New report from RedThread Research illustrates how organizations can use employee development to advance their diversity and inclusion goals

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High-performing organizations are increasingly turning to employee development—specifically, the idea of learning equity—to advance their diversity, equity, inclusion, and belonging goals. According to newly released findings from RedThread Research, these companies are more transparent about what development opportunities are available and offer more opportunities to more employees in more roles. The result is a more diverse, capable, and competitive workforce.

While DEIB goals have long been pursued through training, today’s most effective organizations are accelerating progress by focusing on expanding employees’ access to development opportunities.

High-performing organizations have discovered an effective new way to advance their goals for diversity, equity, inclusion, and belonging (DEIB), according to a report from RedThread Research. By broadening access to employee development opportunities, organizations can improve DEIB while creating a more competitive workforce.

“Broadening access to employee development is the right thing to do for DEIB, and it’s also good for business,” said Dani Johnson, co-founder and principal analyst at RedThread Research. “More access means more employees from a wider range of perspectives will develop the skills they need for the future.”

While DEIB goals have long been pursued through training, today’s most effective organizations are accelerating progress by focusing on expanding employees’ access to development opportunities.    

“DEIB training is foundational. But L&D functions need to stop thinking just about training and start thinking about learning equity,” said Heather Gilmartin Adams, senior analyst at RedThread and author of the report. “They need to think about making the systems of employee development themselves more inclusive and equitable.”

L&D functions are uniquely suited to advance DEIB goals because they reach across the entire organization and can influence expectations for how employees work and interact with one another. This gives them the ability to move the needle on the deep cultural change that DEIB efforts require.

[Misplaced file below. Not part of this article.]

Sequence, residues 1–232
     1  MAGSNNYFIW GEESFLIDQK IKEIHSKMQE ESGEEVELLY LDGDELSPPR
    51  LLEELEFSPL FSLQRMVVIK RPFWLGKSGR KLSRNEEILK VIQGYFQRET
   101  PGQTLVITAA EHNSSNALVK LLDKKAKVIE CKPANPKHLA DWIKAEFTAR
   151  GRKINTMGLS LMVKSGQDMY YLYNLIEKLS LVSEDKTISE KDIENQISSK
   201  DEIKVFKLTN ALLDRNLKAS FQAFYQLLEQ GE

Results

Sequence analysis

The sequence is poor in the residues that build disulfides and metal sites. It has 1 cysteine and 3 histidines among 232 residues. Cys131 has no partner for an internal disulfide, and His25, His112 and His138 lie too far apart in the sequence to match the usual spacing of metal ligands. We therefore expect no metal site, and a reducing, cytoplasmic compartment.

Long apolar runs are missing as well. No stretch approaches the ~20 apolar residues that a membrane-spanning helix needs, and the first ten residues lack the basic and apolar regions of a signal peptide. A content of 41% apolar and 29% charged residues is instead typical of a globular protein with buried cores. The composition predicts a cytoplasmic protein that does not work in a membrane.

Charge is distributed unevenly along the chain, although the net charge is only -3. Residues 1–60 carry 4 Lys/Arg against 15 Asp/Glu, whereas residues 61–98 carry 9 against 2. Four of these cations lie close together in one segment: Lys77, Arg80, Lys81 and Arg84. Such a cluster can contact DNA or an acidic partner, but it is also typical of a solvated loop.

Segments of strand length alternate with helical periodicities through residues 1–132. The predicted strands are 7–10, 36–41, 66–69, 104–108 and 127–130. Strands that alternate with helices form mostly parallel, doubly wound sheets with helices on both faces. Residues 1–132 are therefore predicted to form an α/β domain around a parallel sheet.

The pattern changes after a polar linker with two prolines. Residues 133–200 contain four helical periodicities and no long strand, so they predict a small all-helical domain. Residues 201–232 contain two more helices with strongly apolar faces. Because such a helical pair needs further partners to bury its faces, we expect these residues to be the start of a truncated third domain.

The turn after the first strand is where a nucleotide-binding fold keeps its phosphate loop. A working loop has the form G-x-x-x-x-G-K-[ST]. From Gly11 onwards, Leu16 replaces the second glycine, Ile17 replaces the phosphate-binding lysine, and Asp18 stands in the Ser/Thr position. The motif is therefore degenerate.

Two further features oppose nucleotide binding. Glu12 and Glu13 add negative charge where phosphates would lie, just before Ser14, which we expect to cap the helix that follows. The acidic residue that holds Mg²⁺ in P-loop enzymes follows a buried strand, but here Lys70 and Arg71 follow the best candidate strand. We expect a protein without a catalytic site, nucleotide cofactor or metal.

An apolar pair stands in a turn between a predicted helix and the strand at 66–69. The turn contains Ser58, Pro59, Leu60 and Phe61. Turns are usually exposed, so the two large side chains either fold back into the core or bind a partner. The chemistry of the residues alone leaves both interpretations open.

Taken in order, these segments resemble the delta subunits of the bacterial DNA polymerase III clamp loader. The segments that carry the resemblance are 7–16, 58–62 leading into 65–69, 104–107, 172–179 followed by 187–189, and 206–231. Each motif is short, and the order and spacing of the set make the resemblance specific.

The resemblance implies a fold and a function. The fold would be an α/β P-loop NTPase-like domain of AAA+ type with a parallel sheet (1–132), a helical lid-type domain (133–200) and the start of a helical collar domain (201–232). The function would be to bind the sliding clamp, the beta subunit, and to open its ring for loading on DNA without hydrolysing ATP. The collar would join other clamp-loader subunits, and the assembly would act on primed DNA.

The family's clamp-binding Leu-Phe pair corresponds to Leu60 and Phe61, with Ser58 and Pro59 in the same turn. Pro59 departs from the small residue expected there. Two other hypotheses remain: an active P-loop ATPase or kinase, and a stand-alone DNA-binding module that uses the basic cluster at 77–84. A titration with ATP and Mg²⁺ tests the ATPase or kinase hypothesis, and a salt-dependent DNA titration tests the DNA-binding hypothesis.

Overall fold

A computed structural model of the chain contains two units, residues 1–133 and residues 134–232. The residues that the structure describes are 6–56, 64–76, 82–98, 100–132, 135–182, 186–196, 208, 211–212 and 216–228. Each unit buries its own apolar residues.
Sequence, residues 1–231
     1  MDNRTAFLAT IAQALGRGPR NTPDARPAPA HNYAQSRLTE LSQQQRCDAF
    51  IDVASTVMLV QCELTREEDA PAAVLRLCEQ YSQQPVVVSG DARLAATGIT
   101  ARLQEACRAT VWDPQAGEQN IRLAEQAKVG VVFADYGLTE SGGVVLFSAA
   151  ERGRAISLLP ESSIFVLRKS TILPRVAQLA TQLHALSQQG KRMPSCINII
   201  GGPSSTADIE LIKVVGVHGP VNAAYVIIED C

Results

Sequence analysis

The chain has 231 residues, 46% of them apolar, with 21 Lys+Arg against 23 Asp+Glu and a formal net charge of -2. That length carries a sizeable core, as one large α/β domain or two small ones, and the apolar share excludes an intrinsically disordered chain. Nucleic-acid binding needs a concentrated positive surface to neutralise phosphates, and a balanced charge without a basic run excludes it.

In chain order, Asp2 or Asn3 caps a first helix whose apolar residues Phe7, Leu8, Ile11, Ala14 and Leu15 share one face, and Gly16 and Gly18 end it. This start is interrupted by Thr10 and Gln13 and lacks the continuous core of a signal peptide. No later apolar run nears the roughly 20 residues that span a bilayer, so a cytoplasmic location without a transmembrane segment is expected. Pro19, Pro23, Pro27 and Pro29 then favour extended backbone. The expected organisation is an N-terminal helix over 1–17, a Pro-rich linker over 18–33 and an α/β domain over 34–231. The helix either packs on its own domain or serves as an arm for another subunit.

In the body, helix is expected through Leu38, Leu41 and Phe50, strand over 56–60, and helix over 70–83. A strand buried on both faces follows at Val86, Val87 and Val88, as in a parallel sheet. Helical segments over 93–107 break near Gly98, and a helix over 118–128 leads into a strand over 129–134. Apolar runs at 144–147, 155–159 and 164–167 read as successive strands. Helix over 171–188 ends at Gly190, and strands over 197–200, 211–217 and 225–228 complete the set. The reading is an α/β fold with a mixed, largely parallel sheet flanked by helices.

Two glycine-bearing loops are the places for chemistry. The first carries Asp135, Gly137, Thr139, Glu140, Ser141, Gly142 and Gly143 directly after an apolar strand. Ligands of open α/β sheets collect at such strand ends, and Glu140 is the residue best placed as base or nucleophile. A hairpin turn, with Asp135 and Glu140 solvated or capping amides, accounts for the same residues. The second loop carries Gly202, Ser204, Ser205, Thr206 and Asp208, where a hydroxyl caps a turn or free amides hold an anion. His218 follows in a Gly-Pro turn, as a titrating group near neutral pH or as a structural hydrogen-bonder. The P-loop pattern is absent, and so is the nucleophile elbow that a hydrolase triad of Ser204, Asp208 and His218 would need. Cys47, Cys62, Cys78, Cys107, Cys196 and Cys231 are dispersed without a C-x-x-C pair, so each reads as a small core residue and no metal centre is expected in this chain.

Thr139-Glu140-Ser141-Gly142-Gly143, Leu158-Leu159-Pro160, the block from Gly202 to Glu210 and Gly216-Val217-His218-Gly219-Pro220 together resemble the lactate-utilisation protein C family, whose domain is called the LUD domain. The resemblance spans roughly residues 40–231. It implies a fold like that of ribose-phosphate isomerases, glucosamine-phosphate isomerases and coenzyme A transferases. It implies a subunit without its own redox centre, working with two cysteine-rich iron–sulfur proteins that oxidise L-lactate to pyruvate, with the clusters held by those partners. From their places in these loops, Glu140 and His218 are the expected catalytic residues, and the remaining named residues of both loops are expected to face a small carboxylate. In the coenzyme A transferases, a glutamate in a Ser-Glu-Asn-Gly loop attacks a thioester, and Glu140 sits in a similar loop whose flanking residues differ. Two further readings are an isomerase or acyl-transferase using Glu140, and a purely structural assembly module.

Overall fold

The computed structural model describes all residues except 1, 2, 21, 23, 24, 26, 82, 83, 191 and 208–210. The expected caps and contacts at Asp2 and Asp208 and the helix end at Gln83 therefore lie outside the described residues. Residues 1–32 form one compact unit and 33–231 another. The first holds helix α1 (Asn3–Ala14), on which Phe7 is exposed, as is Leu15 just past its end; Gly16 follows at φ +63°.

Based on surveys, interviews, discussions, and other research, the new report, “Less DEIB Training, More Learning Equity: Making Employee Development More Equitable and Inclusive,” reveals how high-performing organizations are leading the way in using employee development to reach their DEIB goals, advance careers, and enhance workforce capabilities. At high-performing organizations:

  • 81% of employees said their organization is transparent about development opportunities, compared to 61% in other organizations
  • 84% of employees said their organization offers equal access to development opportunities, compared to 58% in other organizations
  • About twice as many employees reported being enabled to participate in development as those in other organizations

“Learning equity is an area of untapped opportunity to improve DEIB in organizations,” said Gilmartin Adams. “High-performing organizations know this. They’re working toward learning equity much more actively than other organizations.”

As one leader, Kate Shaw, director of learning at Airbnb, explained, “DEIB has to be not just a piece of what you do, but woven throughout everything you do.”